Zygmunt NOSKOWSKI (1846-1909)
Chamber Works – vol. 3
Trois pičces pour violon et piano Op.24 (c.1890) [12:59]
Chansonnette d’Ukraine Op.26 No.2a (1890) [1:01]
Berceuse Op.11 (1880) [3:10]
Violin Sonata in A minor (before 1875) [39:47]
Jolanta Sosnowska (violin)
Donát Deáky (piano)
rec. July 2009 and February 2010, Vienna
ACTE PRÉALABLE AP0248 [57:01]
I’m not sure we need go along with the over-enthusiastic biography of Zygmunt Noskowski in the booklet notes, which claim that he was ‘a genius’. Industrious, polymathic, devoted, and a pillar of the emergent Polish musical establishment, certainly, but nothing in this disc of his chamber music establishes him as a creative artist of especial distinction.
Which is not to suggest that he is not worth listening to, especially in the case of the larger works - such as his symphonies, and the symphonic poem Steppe. Noskowski (1846-1909) studied in Berlin before returning to his native country to assist in the creation of the Warsaw Philharmonic. Most of the works in this third volume of the chamber music series are occasional salon effusions, character works of some charm but no real pretensions. The Three Pieces offer good opportunities for the violinist to present a rich, burnished viola-deep tone, opportunities duly taken by Jolanta Sosnowska. Something is made, in the notes, of the fact that she plays on a violin of Noskowski’s time, one that lends her performance ‘a unique sound’ — a rationale I can’t say I follow. Would it be any less unique or viable on a Guarnerius? Did Noskowski himself — a fine fiddler by all accounts — play on a violin of his own time? Does it matter either way? Let’s leave these issues to the wayside and concentrate on the music. One incipient weakness noticeable in this salon opus is the over-extended second piece, Chanson moderne, which is done to death at seven minutes in length, and serves notice of a fault to which one has to recur later in this review.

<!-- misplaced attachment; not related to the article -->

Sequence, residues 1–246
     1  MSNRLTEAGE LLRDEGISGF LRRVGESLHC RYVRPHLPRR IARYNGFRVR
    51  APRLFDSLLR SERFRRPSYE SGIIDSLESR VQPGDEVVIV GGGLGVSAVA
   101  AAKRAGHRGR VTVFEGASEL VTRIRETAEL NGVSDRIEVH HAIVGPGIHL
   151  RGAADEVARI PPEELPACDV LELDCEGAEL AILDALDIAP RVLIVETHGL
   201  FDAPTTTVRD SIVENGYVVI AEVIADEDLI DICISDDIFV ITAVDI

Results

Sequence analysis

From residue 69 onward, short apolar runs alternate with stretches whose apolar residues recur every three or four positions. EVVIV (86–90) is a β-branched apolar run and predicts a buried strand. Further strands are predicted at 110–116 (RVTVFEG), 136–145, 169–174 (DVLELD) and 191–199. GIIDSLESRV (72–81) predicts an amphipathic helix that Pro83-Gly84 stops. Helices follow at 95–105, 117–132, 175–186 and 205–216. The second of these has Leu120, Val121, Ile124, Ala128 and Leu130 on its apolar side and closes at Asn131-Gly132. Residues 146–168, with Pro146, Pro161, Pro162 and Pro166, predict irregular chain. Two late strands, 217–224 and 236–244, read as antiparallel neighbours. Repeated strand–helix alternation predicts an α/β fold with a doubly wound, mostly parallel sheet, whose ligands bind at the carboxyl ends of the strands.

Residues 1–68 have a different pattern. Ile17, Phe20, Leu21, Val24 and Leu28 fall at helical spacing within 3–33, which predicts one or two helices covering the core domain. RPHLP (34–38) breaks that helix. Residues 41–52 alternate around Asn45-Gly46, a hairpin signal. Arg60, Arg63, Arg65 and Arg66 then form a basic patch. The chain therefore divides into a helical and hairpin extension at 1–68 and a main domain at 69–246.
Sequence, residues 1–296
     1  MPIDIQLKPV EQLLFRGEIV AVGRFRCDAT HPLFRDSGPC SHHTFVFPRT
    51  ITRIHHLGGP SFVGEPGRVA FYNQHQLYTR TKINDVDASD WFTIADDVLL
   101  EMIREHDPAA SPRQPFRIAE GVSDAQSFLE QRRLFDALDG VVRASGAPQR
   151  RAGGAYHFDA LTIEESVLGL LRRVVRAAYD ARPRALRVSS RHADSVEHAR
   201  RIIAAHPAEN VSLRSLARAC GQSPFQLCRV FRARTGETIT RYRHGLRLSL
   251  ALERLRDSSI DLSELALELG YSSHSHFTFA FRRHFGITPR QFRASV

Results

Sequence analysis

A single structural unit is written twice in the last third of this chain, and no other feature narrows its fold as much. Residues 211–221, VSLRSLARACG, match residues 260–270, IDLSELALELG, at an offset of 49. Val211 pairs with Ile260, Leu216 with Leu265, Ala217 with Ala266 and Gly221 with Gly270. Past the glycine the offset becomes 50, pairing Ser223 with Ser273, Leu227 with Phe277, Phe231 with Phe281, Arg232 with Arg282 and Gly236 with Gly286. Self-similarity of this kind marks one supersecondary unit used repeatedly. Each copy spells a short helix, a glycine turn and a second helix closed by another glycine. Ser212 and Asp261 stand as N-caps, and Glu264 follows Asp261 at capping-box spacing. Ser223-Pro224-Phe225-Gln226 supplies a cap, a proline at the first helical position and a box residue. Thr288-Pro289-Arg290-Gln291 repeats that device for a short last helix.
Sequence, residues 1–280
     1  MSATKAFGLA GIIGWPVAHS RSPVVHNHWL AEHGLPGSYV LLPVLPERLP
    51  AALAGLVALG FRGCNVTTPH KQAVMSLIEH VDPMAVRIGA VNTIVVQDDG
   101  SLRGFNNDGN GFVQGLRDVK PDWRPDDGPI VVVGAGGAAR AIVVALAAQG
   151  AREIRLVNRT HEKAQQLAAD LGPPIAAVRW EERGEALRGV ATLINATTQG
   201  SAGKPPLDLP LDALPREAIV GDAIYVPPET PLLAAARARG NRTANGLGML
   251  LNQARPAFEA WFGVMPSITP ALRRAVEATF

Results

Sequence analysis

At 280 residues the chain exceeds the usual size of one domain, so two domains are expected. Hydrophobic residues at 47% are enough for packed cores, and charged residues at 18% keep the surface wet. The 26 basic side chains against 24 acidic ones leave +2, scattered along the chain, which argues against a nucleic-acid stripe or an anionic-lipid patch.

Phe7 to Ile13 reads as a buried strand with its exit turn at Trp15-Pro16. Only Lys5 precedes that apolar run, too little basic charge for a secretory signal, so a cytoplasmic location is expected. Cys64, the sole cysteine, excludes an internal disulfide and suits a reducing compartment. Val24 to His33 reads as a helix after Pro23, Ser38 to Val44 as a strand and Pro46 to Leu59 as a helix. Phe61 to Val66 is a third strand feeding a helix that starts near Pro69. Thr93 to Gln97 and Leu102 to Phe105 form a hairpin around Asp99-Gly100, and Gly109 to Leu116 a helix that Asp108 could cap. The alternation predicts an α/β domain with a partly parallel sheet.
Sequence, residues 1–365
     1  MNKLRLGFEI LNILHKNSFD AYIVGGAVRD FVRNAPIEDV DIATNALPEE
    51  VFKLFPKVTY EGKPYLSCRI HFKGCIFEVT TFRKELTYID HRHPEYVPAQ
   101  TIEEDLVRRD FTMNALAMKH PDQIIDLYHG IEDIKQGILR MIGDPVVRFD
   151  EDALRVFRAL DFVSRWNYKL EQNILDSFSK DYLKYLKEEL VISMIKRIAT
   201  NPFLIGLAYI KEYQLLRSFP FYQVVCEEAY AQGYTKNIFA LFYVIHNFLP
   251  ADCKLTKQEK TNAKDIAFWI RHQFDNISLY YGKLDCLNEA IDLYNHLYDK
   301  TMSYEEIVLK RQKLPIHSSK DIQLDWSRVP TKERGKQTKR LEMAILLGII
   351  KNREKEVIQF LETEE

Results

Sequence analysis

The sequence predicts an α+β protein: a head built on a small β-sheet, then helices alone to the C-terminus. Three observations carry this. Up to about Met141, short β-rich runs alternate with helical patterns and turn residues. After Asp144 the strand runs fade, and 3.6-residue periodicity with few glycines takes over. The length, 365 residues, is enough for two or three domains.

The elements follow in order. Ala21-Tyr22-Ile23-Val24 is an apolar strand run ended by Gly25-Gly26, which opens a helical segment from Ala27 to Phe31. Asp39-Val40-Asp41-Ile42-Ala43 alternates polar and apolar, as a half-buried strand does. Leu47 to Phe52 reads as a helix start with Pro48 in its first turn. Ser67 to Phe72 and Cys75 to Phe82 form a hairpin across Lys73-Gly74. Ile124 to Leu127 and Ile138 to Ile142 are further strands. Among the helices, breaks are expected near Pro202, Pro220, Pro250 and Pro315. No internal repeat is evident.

The Chansonnette d’Ukraine comes from a piano cycle and is an engaging trifle, very short at one minute in length. Longer, and better, is the Op.11 Berceuse which has real charm and is taken at a nicely flowing tempo. The big work here however is the Violin Sonata, an inflated, overblown, diffuse work desperately in need of a strong editorial hand. It was probably written during his days in Berlin. It is melodically profuse — too profuse, too longwinded — and comes to a full-stop in the long sixteen minute first movement several times before coming back to life. But the melodic buoyancy is what saves it, and makes one wonder what he could have done had he thought to prune it. The second movement variations — was he thinking of the Kreutzer sonata? — vary from warm themes to somewhat rhetorical dance motifs. The finale unleashes a challenging, well constructed but ultimately rather academic double fugue; its moto perpetuo properties, though, keep the duo on their toes. I enjoyed it most of the three movements, possibly because it was the shortest.
I also enjoyed the keen, warm performances of Sonowska and Donát Deáky, and the decent recording. The notes are helpful if on the laudatory side. But I doubt Noskowski will make much real headway in this selection.
Keen, warm performances and decent recording though I doubt Noskowski will make much real headway in this selection.